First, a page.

CLINTON — If voters continue to reject a local police force, the town could suffer delayed call times, with some calls possibly not answered until the next day.

The move would also mean town ordinances would be difficult to enforce, because the sheriff’s department and Maine State Police, which would provide law enforcement to the town, don’t enforce ordinances.

And the Kennebec County Sheriff’s Department said adding the town to its list would mean stretching the already thin department thinner.

“Clinton getting rid of its police department is not the smartest move,” said Capt. Dan Davies of the sheriff’s department. “They won’t receive the same level of attention (from us) as they do from their own police department.”

Clinton voters rejected the Police Department’s budget earlier this month at Town Meeting. Residents will consider the budget again during another secret ballot vote on Tuesday, Aug. 13. It’s the second time in three years the town has come close to losing the department. In 2010 voters considered dissolving it, but agreed at Town Meeting to keep it after an appeal from county and state law enforcement.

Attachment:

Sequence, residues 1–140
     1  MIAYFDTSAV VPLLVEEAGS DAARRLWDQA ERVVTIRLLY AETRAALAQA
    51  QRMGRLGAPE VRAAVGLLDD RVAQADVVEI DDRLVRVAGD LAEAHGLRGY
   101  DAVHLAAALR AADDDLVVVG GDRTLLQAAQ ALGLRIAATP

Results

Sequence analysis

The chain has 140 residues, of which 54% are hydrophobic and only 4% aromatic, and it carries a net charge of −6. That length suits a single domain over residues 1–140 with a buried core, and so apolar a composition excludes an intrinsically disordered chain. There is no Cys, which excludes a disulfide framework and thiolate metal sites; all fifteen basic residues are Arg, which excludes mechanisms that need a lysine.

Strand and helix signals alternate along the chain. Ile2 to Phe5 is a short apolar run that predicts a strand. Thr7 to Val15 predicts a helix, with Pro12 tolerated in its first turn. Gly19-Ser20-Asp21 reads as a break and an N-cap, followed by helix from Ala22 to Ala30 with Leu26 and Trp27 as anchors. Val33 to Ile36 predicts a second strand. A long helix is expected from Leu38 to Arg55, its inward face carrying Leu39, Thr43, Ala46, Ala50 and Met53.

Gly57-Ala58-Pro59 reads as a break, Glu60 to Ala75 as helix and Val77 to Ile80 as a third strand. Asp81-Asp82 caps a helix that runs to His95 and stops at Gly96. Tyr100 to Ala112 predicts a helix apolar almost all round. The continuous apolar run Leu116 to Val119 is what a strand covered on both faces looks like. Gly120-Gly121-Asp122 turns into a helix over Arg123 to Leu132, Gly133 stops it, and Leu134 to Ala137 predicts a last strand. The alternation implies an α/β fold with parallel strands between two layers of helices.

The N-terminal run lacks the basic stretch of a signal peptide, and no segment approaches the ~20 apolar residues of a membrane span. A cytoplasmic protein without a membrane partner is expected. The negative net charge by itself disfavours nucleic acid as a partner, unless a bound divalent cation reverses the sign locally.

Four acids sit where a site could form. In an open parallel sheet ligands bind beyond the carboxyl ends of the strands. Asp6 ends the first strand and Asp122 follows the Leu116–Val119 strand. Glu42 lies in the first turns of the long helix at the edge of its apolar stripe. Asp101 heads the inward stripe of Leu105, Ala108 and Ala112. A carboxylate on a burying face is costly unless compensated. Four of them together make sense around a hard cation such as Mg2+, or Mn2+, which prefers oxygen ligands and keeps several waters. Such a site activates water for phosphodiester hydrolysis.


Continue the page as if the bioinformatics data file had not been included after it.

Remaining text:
Selectmen want to know what the public thinks about the town police department and are hoping people come to their three meetings between now and the vote, including the next one on Tuesday.


“State police and the sheriff’s department have already voiced to Clinton, both historically and currently, that response time would be much longer if they don’t have a local department,” said Sheriff Randall Liberty. “We have adequate coverage right now, (adding Clinton) would be a tipping point.”